30 Jun Language Matters: The Role of the Presumption of Innocence in Seeking Justice During the Russia-Ukraine Conflict
[Michelle Coleman is a Lecturer in Law at the Hillary Rodham Clinton School of Law, Swansea University and the author of book The Presumption of Innocence in International Human Rights and Criminal Law (Routledge 2021).]
Language Matters: The Role of the Presumption of Innocence in Seeking Justice During the Russia-Ukraine Conflict
Since the beginning of the Russia-Ukraine war there have been calls for criminal accountability arising out of actions taken during the conflict. States, politicians, organisations, and individuals have made requests for investigation into international crimes, declarations that certain crimes have been committed, and declarations that specific people have committed atrocity crimes. While making these statements might be written off as political rhetoric, a demonstration that the situation is being taken seriously, or an indication that the world is watching, there is a risk that they can hinder future prosecutions.
Some statements made about criminality being committed in the armed conflict in Ukraine could violate the presumption of innocence of future defendants. The presumption of innocence is a fundamental human right that helps ensure that individuals accused of crimes receive fair and impartial trials that deliver justice. If the presumption of innocence is violated, even by a statement made before charges are brought against a person, the outcome of the trial can be dismissal. Thus, world leaders and other public authorities must use caution when discussing potential criminal liability for actions taken with the Russia-Ukraine conflict.
Statements Made Outside the Trial Context Can Violate the Presumption of Innocence
The presumption of innocence has both procedural and non-procedural aspects. The procedural aspect is what most people are familiar with – that a person cannot be found guilty of a crime unless the burden and standard of proof have been met – and has relevance inside the courtroom during trial. The non-procedural aspect however, has application inside and outside of the courtroom. The non-procedural aspect of the presumption of innocence protects those who have not been convicted of a criminal offence from being prejudged or punished in the absence of a guilty verdict. In essence, it means that a person cannot be treated as if they have committed a crime until have been convicted of the offences alleged against them.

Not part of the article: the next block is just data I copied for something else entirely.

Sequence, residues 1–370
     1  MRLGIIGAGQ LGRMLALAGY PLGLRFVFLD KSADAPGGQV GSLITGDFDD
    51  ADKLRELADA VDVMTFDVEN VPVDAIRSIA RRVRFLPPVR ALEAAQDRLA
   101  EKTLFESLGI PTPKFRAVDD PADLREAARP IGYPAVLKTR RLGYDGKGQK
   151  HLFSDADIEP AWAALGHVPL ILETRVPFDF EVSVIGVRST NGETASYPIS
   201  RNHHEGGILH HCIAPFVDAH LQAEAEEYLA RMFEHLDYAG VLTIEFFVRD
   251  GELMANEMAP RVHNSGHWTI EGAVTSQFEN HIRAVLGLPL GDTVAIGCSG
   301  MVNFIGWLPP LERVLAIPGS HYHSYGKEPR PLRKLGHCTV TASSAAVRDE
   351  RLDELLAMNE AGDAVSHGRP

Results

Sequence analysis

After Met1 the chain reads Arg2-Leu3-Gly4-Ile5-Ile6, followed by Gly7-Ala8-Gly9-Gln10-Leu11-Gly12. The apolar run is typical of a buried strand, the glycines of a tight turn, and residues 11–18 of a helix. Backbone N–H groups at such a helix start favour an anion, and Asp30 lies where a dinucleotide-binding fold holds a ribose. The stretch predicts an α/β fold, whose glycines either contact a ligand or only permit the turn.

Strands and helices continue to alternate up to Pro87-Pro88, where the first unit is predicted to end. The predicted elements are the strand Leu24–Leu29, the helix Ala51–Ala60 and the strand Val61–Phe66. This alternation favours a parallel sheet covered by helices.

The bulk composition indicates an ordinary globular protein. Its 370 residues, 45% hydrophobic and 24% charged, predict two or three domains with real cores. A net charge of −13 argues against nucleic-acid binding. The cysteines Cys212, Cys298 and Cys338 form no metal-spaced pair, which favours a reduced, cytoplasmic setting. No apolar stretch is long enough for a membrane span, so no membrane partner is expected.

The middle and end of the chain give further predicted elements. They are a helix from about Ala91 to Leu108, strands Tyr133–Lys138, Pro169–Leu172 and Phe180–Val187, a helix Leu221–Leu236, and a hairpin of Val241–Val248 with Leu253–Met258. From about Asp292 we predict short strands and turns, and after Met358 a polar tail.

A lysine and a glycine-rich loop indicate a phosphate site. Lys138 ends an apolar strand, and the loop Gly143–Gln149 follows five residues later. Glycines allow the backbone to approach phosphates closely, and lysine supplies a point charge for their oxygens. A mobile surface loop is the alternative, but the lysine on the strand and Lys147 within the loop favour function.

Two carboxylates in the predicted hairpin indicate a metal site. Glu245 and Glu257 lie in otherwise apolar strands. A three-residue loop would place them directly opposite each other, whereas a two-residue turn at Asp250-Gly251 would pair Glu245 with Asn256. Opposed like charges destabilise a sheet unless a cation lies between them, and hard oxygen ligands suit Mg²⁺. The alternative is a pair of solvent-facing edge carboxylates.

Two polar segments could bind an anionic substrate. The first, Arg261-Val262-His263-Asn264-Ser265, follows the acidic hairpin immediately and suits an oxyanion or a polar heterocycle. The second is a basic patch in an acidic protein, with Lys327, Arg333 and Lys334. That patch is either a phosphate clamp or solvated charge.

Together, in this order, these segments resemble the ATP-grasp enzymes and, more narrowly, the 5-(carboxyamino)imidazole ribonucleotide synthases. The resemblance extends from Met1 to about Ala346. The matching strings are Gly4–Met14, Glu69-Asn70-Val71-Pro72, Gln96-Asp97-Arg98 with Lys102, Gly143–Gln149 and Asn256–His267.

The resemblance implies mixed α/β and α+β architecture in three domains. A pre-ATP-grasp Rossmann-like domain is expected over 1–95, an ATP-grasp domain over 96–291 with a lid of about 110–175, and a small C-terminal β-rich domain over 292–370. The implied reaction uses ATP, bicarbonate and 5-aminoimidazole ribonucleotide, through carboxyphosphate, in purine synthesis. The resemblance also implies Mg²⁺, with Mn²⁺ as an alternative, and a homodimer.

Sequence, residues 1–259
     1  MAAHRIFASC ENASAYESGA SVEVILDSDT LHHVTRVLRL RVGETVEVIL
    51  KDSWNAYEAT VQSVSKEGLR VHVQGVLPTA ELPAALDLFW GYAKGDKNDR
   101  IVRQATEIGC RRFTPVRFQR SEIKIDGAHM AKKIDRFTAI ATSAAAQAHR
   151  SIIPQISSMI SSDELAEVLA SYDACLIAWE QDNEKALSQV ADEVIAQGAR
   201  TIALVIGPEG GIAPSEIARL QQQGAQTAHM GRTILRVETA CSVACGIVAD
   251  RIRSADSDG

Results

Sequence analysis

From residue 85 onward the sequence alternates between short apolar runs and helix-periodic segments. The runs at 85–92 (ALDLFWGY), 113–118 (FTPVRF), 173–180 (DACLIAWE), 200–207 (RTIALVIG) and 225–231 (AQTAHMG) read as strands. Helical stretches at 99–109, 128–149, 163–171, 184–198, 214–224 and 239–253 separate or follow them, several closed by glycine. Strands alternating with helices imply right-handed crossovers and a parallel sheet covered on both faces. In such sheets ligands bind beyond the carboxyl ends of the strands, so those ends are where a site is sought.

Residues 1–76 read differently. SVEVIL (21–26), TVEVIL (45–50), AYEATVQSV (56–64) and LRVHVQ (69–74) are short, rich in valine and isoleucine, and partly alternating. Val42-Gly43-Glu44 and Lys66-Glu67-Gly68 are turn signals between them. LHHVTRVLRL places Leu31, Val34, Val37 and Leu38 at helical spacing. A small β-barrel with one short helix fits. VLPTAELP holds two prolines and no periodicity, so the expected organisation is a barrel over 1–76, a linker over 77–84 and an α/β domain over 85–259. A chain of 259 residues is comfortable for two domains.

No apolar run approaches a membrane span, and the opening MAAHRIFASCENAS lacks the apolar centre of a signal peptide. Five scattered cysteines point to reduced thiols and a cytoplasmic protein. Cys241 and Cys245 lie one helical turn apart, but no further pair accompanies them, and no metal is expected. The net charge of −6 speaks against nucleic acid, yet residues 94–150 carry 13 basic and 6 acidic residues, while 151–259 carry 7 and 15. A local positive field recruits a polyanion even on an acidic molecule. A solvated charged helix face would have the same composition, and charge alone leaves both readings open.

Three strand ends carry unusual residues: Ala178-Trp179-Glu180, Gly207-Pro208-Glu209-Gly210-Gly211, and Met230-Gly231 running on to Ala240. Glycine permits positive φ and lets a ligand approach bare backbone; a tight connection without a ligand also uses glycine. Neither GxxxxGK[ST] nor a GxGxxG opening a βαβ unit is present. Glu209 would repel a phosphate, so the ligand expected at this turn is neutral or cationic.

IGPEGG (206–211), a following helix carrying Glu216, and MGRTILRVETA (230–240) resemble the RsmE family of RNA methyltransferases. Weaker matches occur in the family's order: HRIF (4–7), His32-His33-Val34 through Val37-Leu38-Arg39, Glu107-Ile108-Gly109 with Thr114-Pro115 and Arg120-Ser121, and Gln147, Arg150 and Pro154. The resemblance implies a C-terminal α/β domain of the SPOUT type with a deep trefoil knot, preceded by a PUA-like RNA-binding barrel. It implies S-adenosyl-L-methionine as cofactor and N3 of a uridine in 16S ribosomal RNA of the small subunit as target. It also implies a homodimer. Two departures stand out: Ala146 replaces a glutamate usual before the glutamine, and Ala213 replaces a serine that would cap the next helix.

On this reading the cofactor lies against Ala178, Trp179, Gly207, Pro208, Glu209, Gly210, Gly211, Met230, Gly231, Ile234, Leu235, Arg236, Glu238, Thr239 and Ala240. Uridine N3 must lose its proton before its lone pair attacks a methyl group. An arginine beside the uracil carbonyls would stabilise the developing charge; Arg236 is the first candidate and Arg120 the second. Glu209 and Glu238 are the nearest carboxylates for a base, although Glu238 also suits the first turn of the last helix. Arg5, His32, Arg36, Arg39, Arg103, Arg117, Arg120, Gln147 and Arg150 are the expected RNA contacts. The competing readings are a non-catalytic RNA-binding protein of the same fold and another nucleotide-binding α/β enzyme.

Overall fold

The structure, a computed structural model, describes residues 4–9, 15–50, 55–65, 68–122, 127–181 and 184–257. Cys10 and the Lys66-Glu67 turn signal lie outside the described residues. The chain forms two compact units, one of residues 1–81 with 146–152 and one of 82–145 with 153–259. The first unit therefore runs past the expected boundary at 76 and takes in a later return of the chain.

Part of the non-procedural aspect includes how the alleged crime and suspected person are discussed. Statements of guilt by public authorities can violate the presumption of innocence in a future case even if the statement was made before charges were brought against the impugned individual. This is because when public authorities make a statement that a person is guilty of a crime it implies that the criminal proceedings against the accused have been pre-judged and that the outcome of the trial against them has already been determined.
It is, however, not just any comment about the accused or crime that will violate the presumption of innocence. Otherwise, it would be difficult to report on or discuss crime, to prosecute or defend cases, or even to let people know that someone has been victimized. Violations of the presumption of innocence by public comment are therefore limited to instances when a ‘public authority’ makes a ‘public statement of guilt’.
The European Court of Human Rights and the International Criminal Court have broadly defined the meaning of ‘public authority’. Not surprisingly those who are directly involved in the prosecution are included – judges, prosecutors, police, and investigators. However, public authorities are not limited to those who have a direct connection with the criminal case. For example, a member of the ICC Office of the Prosecutor’s Jurisdiction, Complementarity and Cooperation Division was considered a public authority. In national jurisdictions public authorities include people who are legislators and those employed by the government. In international jurisdictions the term can extend to employees of the relevant international court, quasi-governmental authorities, and the United Nations, in addition to the people identified as public authorities within national jurisdictions.